Elie Wiesel's story endures, empowers

Always a writer, Holocaust survivor knows his life's work is examining faith, humanity

  • Pin It
Eli Wiesel

A bronze bust of Elie Wiesel at the 92nd Street Y in Manhattan. (Zbigniew Bzdak/Chicago Tribune / October 21, 2012)

NEW YORK — A slender, silver-haired gentleman steps onto a nearly bare stage, the instantaneous applause continuing long after he reaches the spare wooden table awaiting him.

For a moment, amid the din, he studies the audience — young and old, some in business suits, others in jeans and sneakers — then sits down and promptly begins to deliver his essay on the prophet Ezekiel.

Elie Wiesel has been giving these talks at the 92nd Street Y, on the Upper East Side of Manhattan, for 45 years, long before he won the Nobel Peace Prize (in 1986), long before his book "Night" had become a landmark in Holocaust literature, long before he had begun to change the world through the searing yet lyric power of his prose. His life's work has won him many accolades, including the Chicago Tribune Literary Prize, which he will receive Nov. 11 at Symphony Center during the Chicago Humanities Festival.

Though every U.S. president from Jimmy Carter to Barack Obama has sought his counsel, though world leaders have courted him and repudiated him, though international humanitarian crises have inspired him to catch the next plane into the next war zone, Wiesel always returns to the wooden table at the 92nd Street Y to deliver his reflections on the Bible, the Talmud and, of course, life itself. As far back as 1970, he promised himself that his writings would move on to subjects other than the Holocaust — which he survived in the Auschwitz and Buchenwald concentration camps — but, inevitably, he returns to the theme, as he does on this night.

"We lived in death," says Wiesel, 84, weaving his Holocaust past into his thoughts on Ezekiel. Then he wonders aloud whether the prophet foreshadowed the tragedy that destroyed most of Wiesel's family and millions more. Or perhaps what someone said to Wiesel in the camps is correct, so he quotes him: "I think that he — Ezekiel — was there with us."

In essence, Wiesel is wrestling with faith in the face of genocide. How one holds on to it when there are so many reasons to doubt. How Wiesel clings to it ever more firmly, despite all that has happened — or perhaps because of what has happened.

A 22-year-old man in the audience, who will be heading to Navy Officer Candidate School this October week, takes note of Wiesel's ongoing struggles. Though the fellow has read many of Wiesel's books and knows well the author's motifs, he feels he needs to be in Wiesel's presence before shipping out.

"My generation is the last one to know Holocaust survivors," says Jonathan Panter, who graduated magnum cum laude from Cornell in May. "I know that my (future) kids will never hear Elie Wiesel. It's important for me to do what I can to hear these stories, so that I can pass them on."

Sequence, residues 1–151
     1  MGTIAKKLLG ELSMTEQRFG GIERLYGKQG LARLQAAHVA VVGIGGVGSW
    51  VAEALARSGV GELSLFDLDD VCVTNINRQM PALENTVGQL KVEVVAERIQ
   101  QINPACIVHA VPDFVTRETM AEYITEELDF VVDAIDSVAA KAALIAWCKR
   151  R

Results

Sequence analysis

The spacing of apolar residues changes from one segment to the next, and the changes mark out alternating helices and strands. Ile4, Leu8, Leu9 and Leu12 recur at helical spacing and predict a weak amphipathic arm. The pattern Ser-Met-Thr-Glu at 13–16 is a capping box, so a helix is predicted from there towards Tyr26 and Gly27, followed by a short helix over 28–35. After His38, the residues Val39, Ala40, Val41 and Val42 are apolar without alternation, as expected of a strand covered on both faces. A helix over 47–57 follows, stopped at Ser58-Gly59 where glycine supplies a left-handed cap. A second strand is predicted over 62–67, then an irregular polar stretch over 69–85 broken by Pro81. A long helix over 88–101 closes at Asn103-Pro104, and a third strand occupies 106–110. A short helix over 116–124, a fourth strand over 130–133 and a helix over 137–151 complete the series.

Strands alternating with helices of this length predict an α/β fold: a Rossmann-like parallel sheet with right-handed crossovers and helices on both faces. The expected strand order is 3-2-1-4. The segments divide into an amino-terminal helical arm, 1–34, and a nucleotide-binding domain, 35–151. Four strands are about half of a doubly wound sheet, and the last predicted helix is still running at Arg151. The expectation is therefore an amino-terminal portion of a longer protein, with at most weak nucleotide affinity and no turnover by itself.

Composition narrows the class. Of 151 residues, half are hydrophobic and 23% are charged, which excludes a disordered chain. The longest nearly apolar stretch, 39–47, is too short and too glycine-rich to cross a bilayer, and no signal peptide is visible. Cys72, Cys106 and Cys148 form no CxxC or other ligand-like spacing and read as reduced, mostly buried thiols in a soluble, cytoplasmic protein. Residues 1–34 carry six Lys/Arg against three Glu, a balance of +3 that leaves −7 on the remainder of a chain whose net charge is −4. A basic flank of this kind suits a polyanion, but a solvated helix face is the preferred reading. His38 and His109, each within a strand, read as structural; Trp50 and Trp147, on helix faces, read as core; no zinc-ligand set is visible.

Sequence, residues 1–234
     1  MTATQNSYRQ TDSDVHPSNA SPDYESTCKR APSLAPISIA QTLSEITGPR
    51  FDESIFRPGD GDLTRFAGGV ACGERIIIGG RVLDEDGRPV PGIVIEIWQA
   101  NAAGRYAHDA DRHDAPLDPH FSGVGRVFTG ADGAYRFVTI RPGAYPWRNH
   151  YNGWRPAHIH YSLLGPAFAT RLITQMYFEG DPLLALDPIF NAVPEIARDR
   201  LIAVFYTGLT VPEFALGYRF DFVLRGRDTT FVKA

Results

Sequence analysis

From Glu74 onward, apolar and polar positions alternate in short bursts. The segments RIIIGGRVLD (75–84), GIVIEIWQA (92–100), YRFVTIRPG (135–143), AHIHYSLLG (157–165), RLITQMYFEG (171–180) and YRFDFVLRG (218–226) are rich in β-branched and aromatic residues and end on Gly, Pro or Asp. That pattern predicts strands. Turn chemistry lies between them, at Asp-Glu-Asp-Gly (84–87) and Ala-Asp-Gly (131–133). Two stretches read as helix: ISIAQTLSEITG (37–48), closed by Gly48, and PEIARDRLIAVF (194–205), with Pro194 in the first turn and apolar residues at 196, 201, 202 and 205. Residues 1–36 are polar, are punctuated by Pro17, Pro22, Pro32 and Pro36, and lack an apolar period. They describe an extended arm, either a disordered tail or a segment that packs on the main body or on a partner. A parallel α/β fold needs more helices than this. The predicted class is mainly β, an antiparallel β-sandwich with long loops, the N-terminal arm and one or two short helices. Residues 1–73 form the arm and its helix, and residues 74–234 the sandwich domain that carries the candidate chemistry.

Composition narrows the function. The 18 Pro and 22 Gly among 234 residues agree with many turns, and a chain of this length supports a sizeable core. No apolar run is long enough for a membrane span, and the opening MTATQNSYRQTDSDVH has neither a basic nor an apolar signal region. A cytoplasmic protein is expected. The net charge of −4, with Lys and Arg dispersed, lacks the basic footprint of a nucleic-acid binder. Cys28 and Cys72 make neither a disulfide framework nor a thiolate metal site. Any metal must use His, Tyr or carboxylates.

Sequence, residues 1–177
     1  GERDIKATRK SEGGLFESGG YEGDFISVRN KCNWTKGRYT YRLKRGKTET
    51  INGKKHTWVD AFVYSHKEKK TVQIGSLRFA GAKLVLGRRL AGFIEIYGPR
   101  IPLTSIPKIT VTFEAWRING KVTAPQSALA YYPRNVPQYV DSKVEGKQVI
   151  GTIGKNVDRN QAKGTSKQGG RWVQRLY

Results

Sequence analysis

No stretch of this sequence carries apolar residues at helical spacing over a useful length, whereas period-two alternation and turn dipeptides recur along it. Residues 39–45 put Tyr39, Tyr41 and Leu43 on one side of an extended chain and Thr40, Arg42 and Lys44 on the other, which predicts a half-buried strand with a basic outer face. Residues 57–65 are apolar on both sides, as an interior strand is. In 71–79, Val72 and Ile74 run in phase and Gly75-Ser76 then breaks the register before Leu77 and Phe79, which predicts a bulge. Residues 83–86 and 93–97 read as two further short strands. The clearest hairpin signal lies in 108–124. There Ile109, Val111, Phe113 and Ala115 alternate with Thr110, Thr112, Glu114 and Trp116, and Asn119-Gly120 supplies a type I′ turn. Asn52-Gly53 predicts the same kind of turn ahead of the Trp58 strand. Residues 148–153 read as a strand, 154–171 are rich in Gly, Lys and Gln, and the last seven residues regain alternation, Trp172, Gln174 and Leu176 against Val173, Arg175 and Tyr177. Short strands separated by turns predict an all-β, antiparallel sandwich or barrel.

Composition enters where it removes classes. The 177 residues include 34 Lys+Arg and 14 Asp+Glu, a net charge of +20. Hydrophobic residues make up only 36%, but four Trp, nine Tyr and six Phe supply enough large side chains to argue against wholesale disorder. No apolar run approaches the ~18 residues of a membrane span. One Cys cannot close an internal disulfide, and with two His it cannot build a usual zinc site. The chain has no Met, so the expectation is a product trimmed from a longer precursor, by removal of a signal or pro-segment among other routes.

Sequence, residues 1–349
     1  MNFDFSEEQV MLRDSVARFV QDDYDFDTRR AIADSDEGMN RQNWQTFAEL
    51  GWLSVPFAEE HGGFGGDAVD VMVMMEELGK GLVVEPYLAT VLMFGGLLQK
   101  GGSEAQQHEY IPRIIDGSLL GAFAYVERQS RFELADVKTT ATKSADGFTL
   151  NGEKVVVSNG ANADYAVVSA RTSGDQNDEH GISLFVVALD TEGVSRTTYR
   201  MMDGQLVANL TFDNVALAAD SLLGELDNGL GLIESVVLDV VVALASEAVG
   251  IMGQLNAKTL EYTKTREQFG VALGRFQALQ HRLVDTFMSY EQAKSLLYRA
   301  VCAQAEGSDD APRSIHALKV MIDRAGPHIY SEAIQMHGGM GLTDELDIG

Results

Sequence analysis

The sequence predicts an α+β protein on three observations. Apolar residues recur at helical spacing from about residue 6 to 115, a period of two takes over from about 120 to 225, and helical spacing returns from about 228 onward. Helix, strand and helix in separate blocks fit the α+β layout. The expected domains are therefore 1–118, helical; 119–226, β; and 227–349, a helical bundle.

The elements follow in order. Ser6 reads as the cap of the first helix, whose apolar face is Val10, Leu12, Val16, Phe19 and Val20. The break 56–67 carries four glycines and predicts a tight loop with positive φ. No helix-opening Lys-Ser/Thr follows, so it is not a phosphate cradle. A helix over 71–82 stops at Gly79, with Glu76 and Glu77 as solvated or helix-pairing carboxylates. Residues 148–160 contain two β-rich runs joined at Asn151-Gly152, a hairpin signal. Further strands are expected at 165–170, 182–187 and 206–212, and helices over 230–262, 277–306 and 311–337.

Though he may not know it, young Panter has just helped Wiesel fulfill one of his primary missions in life since the end of the war: nurturing memory.

Searching for meaning

T

he day before Wiesel's talk at the 92nd Street Y, he's seated in his Manhattan office, contemplating his oft-combative relationship with God. The deep creases in Wiesel's face and the wide-open gaze of his large, expressive eyes indicate a man who has seen more darkness and felt more sorrow than most of us ever will.

Shortly after his liberation from Buchenwald, on April 11, 1945, Wiesel — by then 16 years old and twice an orphan — found himself transported to France with other child survivors and noticed immediately what was happening to them.

"Most of us actually became very religious — as much as before, if not more so," he says, speaking in a soft, warm baritone.

"Why?" he asks himself, before a visitor has a chance to. "Maybe because we were trying to prove that we are stronger than history. That Hitler wanted to deprive us. And (we thought): 'Go to hell. We shall continue believing in God, the God of Israel.'"

And yet in his writings Wiesel struggles openly with the meaning of that belief.

"I will never cease to rebel against those who committed or permitted Auschwitz, including God," he writes in a volume of memoirs, "All Rivers Run to the Sea." "The questions I once asked myself about God's silence remain open. If they have an answer, I do not know it. More than that, I refuse to know it. But I maintain that the death of 6 million human beings poses a question to which no answer will ever be forthcoming."

Even so, says Wiesel today, he must believe.

"You can struggle outside or inside — I prefer to do it inside faith," he says. "If it's outside, it's finished: 'Goodbye God.' Finished, right? And there is no problem anymore. And problem is part of my existence, of my consciousness and of my life."

This questing, questioning approach to life derives directly from Wiesel's religious training in Sighet, Transylvania, (now Romania), in what he affectionately calls a "shtetl" (a small Jewish village). There, like his friends in the 1930s and early '40s, Wiesel immersed himself in his studies of the Bible, the Talmud and — against the wishes of his elders — the mysticism of the Kabbalah, a fascination that echoes through his fiction and nonfiction.

"I was taken by the mystery of the beginning (of existence), which one is not supposed to study, not before 30, according to Maimonides, or 40," says Wiesel.

"And I'm still very much involved in searching the mystical truth, the mystical beauty of truth."

  • Pin It

The Grammys 2011